Director – B. Harrison Smith, Screenplay – James Newman & Mark Steensland, Producers – Alexander Bafer & Doug Henderson, Photography – Matt Nease, Music – John Avarese, Makeup Effects – “Monster Mark” Kosobucki & Sota F/X, Inc. (Supervisors – Roy Knyrim & Cindy Miller-Knyrim). Production Company – Brick Top Productions/Everything’s Fire/The Special, LLC.
Davy Raphaely (Jerry Hartford/Evans), David Sheridan (Mike), Sarah French (Lisa Hartford), Doug Henderson (Ivan Marovich), Susan Moses (Madame Zhora/Anya Gribinski), Paul Cottman (Detective Barnes), Wayne Shearer (Mort), Tony Barber (Hotel Manager), Sheri Fairchild (Cleaning Woman), Janae Palmer (Syn)
In York, Pennsylvania, Jerry Hartford is upset after learning that his wife Lisa cheated on him. To cheer Jerry up, his friend Mike takes him to a secret location, a whorehouse run by the fortune-teller Madame Zhora where he asks her to introduce Jerry to The Special. Jerry is led into a room where The Special turns out to be a box with a hole for him to stick his penis into. Jerry does so and has the best sex of his life. He becomes obsessed with The Special and returns, killing Madame Zhora and taking the box. He signs into a fleapit hotel where he spends all his time satisfying himself with the box. This causes a rash to grow all over Jerry’s body, while he kills those who threaten his obsession.
The Special was the fifth film as director for B. Harrison Smith. Smith had previously directed Camp Dread (2014), Zombie Killers: Elephant’s Graveyard (2015), Death House (2017) and the non-genre comedy Garlic & Gunpowder (2017), as well as written the interesting The Fields (2011) and the incoherent 6 Degrees of Hell (2012).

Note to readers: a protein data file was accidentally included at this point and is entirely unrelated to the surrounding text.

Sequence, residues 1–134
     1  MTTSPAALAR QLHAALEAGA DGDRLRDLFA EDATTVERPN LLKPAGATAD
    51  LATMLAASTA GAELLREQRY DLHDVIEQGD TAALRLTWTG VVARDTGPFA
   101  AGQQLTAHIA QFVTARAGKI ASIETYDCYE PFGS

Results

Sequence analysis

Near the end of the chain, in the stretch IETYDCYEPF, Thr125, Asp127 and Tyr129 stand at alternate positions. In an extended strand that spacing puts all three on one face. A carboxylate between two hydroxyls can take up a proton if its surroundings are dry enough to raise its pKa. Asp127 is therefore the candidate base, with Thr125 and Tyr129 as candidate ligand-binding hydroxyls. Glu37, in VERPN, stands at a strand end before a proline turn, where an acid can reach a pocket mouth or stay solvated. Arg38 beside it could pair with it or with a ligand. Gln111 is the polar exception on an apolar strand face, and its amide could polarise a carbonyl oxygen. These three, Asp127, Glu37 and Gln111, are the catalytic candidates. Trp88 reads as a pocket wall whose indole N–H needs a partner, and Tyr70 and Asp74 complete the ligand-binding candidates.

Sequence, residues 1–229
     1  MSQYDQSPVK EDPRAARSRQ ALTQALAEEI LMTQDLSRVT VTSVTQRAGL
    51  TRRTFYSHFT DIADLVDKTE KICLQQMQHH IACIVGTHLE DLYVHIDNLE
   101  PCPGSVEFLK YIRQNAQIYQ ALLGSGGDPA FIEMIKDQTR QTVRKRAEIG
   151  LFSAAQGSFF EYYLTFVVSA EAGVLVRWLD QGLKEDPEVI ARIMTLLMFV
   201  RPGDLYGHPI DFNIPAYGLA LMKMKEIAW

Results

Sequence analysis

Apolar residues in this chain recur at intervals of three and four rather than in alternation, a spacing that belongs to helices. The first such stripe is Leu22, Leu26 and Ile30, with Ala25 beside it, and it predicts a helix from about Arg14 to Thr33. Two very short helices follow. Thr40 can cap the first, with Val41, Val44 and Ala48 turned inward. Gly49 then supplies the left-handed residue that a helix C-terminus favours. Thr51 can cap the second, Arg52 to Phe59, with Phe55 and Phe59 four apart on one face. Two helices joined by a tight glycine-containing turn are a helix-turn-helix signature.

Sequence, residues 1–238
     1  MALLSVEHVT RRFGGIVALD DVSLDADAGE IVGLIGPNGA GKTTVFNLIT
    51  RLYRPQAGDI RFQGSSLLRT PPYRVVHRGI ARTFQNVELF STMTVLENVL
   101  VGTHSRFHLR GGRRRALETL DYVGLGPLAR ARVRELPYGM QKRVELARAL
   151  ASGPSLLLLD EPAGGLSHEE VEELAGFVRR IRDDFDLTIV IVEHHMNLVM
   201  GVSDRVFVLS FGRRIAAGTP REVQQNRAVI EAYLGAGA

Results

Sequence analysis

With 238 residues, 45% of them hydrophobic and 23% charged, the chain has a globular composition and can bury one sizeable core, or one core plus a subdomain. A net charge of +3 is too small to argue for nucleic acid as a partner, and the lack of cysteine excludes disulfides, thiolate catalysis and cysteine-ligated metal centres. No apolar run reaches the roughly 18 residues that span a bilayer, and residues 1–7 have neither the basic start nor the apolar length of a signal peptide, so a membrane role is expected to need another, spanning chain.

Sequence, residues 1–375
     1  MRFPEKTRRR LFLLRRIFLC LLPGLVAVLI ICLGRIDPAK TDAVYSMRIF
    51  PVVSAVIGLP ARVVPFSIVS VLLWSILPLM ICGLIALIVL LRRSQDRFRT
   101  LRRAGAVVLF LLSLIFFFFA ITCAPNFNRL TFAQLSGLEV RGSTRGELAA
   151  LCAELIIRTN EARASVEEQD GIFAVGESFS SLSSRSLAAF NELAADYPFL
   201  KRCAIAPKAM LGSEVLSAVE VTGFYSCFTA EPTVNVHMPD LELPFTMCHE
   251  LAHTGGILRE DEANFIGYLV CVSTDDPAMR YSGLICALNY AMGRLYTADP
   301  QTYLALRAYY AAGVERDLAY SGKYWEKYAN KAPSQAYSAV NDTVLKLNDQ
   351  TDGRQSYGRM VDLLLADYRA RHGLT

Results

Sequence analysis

The Special comes with a premise that catches your interest – guy discovers forbidden pleasures and becomes addicted to them. The concept of ‘forbidden pleasures’ is one that has a certain hook in genre cinema. (See Sexual Fetishism in Fantastic Cinema). It was memorably used by Clive Barker in Hellraiser (1987), although watered down in the endless line of sequels. There was also the Alraune segment of German Angst (2015) where a patron discovers forbidden pleasures at a nightclub. The scenes of Davy Raphaely sticking his dick into a black box reminded me of the scenes where Sean McGrath gets sexual relief from a hole in the wall in Deep Dark (2015), although if anything the sinister black box reminded more of the gom jabbar scenes in Dune (1984) and Dune (2000).
The main problem I had with The Special is that it delves into sexual fetish and addiction but the film itself never finds a particularly dark or obsessive headspace. Contrast this to Bliss (2019), which came out eighteen months before this, and dove into addiction and the central character’s disturbed mindspace with a fearless abandon. By contrast, the scenes here with Davy Raphaely sticking his dick into a black wooden box in an anonymous room seem tame and lacking in any obsessiveness. It is a film where you feel like it would have worked a whole lot better if B. Harrison Smith had not opted for standard room lighting and reduced levels by 50%. Moreover, Davy Raphaely seems more like the actor you’d cast as a bully or a private school snob rather than an average guy caught in the grip of addiction.
The direction and murders feel bland and middle of the road. It is entirely possible that the filmmakers have never visited a fleapit hotel in their lives – I know, I used to manage one. The one here looks too clean. (Moreover, if as the manager says, the clientele are meth heads then you wouldn’t place flat screen tv’s in the rooms, it’d be the first thing the meth heads would flog off so they can buy more drugs). Smith uses drone photography as though he has just discovered the technique for the first time – there is zero reason why we need aerial shots every time the protagonist drives through the city. There’s a moderately gooey meltdown at the end that leads to a clever explanation of what the creature is but that is about it.